Mike Henry (Michael J. Fox) was once America's favorite news guy, but a Parkinson's diagnosis prompted him to leave his post to spend more time at home with his family. Now years later, his kids –- college dropout Ian (Conor Romero), high school standout Eve (Juliette Goglia), and quiet Graham (Jack Gore) –- are growing up, and his wife, Annie (Betsy Brandt), is ready for him to get out of the house more. As luck would have it, Mike's former coworker, Harris (Wendell Pierce), offers him his old job back in the hopes of boosting ratings, and Mike accepts, contingent on Harris' pledge to not exploit his condition to lure viewers. (Yeah, right.) The series also casts Anne Heche as Mike's professional rival and features cameos by familiar NBC faces like Matt Lauer and Al Roker, as well as public figures like New Jersey Governor Chris Christie and Fox's wife, Tracy Pollan.

Is it any good?

One of Hollywood's most beloved performers returns home to NBC in THE MICHAEL J. FOX SHOW, assuming a starring role in a series for the first time since Spin City's culmination in 2001 and more than 20 years after he was diagnosed with Parkinson's. Even though he's never hidden the effects of his condition from cameras, often taking supporting roles in shows like The Good Wife and Rescue Me alongside his very public fundraising work on behalf of medical research, being at the center of a series brings his symptoms to light to a new degree. The show is loosely based on his life, both with the disease and as a family man, and it's unfailingly honest about the ups and downs on both counts. What makes it so endearing is that this is precisely what Fox and the show's creative team set out to do, giving viewers a sense of both the frustrating and funny aspects of an oft-avoided disease.

Even so, The Michael J. Fox Show also manages a far more impressive feat; it upstages the curiosity factor of Parkinson's with a heartfelt, family-centered story that's similarly honest about the ups and downs of life. It doesn't take long to look past Fox's tremors and get absorbed in his more relatable (at least for most of us) struggles of raising kids and balancing work and home responsibilities, and the messages that emerge here self-affirming for families and easily tailored to their own unique struggles.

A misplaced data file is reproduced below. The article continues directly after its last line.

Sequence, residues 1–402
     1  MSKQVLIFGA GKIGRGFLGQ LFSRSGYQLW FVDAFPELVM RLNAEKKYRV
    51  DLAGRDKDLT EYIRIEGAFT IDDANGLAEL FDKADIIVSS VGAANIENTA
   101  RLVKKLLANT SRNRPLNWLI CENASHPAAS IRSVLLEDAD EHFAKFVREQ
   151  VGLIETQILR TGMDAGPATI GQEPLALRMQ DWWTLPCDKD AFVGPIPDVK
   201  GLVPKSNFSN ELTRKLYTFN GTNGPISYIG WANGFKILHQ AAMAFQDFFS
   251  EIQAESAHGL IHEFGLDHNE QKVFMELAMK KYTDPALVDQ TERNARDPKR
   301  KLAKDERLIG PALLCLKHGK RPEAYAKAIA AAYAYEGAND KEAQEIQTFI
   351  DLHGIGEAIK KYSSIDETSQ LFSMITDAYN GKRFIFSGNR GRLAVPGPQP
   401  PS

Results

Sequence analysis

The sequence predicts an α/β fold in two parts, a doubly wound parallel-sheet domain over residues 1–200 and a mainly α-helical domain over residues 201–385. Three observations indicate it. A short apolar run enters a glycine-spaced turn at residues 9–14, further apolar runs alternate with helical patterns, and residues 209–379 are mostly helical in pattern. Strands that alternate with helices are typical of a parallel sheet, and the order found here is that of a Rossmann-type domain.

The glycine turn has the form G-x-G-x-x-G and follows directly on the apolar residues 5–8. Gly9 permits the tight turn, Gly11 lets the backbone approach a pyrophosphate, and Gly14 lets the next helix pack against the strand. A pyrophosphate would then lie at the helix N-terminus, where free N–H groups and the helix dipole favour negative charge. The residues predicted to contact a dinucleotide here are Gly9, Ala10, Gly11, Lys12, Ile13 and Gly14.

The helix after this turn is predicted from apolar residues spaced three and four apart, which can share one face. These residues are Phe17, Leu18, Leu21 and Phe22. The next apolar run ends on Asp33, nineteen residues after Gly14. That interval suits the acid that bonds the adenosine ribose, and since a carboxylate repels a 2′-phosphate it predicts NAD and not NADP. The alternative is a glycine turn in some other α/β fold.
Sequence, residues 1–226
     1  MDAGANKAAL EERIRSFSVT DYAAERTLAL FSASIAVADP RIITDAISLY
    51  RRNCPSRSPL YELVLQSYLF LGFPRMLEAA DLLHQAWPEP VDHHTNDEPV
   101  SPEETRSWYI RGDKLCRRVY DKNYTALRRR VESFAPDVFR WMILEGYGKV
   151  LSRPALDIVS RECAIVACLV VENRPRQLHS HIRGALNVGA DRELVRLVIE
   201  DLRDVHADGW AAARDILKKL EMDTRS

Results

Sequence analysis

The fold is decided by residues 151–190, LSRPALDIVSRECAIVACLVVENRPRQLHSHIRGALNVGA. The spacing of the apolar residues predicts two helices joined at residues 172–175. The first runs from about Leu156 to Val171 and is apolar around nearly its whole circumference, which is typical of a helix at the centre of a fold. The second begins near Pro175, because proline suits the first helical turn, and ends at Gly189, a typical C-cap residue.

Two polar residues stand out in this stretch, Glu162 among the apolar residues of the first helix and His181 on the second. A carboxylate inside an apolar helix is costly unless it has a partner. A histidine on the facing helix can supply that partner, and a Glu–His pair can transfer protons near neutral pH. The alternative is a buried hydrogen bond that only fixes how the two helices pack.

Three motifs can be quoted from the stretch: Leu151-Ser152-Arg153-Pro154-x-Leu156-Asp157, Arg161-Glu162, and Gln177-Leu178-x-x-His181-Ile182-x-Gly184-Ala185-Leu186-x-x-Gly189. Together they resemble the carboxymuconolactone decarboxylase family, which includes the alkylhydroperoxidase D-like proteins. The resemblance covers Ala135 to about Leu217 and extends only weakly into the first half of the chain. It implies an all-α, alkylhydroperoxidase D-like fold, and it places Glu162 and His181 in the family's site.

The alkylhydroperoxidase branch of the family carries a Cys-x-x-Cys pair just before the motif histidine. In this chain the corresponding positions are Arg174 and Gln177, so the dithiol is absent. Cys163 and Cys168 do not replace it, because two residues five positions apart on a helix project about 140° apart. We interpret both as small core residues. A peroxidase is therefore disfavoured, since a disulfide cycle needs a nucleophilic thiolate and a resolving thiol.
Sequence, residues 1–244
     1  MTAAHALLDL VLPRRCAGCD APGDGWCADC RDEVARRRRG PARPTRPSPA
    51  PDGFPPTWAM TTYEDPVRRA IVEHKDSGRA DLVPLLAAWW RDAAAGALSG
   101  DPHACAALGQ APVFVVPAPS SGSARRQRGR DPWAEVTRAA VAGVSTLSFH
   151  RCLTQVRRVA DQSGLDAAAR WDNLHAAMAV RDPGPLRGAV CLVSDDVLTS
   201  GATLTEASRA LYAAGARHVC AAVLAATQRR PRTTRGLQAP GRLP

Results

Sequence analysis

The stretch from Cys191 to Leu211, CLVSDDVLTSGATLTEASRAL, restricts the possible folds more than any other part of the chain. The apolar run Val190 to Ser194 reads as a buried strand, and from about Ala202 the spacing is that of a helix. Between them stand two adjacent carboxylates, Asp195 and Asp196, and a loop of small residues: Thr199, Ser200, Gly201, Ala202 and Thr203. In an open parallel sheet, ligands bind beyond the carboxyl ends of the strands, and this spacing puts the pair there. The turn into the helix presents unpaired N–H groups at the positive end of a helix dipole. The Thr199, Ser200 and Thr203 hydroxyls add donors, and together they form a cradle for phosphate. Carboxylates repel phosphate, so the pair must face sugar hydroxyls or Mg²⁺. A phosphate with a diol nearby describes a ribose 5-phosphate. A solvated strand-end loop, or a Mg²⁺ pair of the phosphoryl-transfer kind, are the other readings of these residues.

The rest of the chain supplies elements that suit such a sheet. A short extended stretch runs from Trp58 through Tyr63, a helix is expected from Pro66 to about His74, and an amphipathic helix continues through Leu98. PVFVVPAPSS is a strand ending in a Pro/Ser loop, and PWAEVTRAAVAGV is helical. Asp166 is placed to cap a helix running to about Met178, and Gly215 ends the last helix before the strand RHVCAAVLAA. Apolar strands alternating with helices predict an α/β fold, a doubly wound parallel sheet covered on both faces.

Talk to your kids about ...

  • Families can talk about whether this series accomplishes its goal of an honest portrayal of Parkinson's disease. Is it sensitive enough to the challenges those with the condition face? Do you think anyone would take offense with what Fox is doing here? Is this an appropriate venue for raising awareness?

  • Tweens: What makes it OK to laugh at Fox's struggles with daily activities like eating or getting dressed? How is this different from how you would react if you saw someone with the same symptoms in person? Does this show have a positive impact on people's awareness of this and other diseases?

  • How does this show portray family life? Does this resonate with your family's experiences? What unique challenges does your family cope with?

TV details

Our editors recommend

For kids who love watch together fare

Themes & Topics

Browse titles with similar subject matter.

Common Sense Media's unbiased ratings are created by expert reviewers and aren't influenced by the product's creators or by any of our funders, affiliates, or partners.

See how we rate

Streaming options powered by JustWatch

About these links

Common Sense Media, a nonprofit organization, earns a small affiliate fee from Amazon or iTunes when you use our links to make a purchase. Thank you for your support.

Read more

Our ratings are based on child development best practices. We display the minimum age for which content is developmentally appropriate. The star rating reflects overall quality.

Learn how we rate